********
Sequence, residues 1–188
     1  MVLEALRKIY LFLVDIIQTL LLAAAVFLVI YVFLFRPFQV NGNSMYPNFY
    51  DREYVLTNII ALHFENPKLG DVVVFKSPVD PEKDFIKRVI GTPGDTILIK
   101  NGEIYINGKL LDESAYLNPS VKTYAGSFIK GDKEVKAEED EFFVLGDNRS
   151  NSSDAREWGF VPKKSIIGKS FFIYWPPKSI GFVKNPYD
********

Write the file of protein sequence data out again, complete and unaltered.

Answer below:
Sequence, residues 1–188
     1  MVLEALRKIY LFLVDIIQTL LLAAAVFLVI YVFLFRPFQV NGNSMYPNFY
    51  DREYVLTNII ALHFENPKLG DVVVFKSPVD PEKDFIKRVI GTPGDTILIK
   101  NGEIYINGKL LDESAYLNPS VKTYAGSFIK GDKEVKAEED EFFVLGDNRS
   151  NSSDAREWGF VPKKSIIGKS FFIYWPPKSI GFVKNPYD